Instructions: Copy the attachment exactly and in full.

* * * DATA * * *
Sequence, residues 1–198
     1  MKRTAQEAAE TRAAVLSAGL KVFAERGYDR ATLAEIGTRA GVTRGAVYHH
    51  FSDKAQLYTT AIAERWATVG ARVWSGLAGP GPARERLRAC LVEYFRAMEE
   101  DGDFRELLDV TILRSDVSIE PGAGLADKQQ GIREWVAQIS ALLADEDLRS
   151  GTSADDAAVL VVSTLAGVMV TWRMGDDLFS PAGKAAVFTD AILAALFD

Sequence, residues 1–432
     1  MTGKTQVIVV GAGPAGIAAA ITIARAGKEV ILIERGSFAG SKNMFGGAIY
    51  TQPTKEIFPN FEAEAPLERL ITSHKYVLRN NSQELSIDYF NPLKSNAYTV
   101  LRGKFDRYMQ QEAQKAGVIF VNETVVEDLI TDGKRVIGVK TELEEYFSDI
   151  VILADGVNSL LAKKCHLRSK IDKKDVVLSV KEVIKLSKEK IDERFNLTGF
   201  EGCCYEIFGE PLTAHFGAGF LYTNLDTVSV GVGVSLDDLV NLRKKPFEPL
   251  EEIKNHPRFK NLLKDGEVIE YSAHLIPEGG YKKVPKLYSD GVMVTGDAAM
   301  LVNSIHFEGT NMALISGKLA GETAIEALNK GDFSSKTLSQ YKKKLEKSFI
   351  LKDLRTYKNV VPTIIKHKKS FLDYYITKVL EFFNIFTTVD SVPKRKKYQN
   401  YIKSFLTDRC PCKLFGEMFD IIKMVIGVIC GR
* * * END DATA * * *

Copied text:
Sequence, residues 1–198
     1  MKRTAQEAAE TRAAVLSAGL KVFAERGYDR ATLAEIGTRA GVTRGAVYHH
    51  FSDKAQLYTT AIAERWATVG ARVWSGLAGP GPARERLRAC LVEYFRAMEE
   101  DGDFRELLDV TILRSDVSIE PGAGLADKQQ GIREWVAQIS ALLADEDLRS
   151  GTSADDAAVL VVSTLAGVMV TWRMGDDLFS PAGKAAVFTD AILAALFD

Sequence, residues 1–432
     1  MTGKTQVIVV GAGPAGIAAA ITIARAGKEV ILIERGSFAG SKNMFGGAIY
    51  TQPTKEIFPN FEAEAPLERL ITSHKYVLRN NSQELSIDYF NPLKSNAYTV
   101  LRGKFDRYMQ QEAQKAGVIF VNETVVEDLI TDGKRVIGVK TELEEYFSDI
   151  VILADGVNSL LAKKCHLRSK IDKKDVVLSV KEVIKLSKEK IDERFNLTGF
   201  EGCCYEIFGE PLTAHFGAGF LYTNLDTVSV GVGVSLDDLV NLRKKPFEPL
   251  EEIKNHPRFK NLLKDGEVIE YSAHLIPEGG YKKVPKLYSD GVMVTGDAAM
   301  LVNSIHFEGT NMALISGKLA GETAIEALNK GDFSSKTLSQ YKKKLEKSFI
   351  LKDLRTYKNV VPTIIKHKKS FLDYYITKVL EFFNIFTTVD SVPKRKKYQN
   401  YIKSFLTDRC PCKLFGEMFD IIKMVIGVIC GR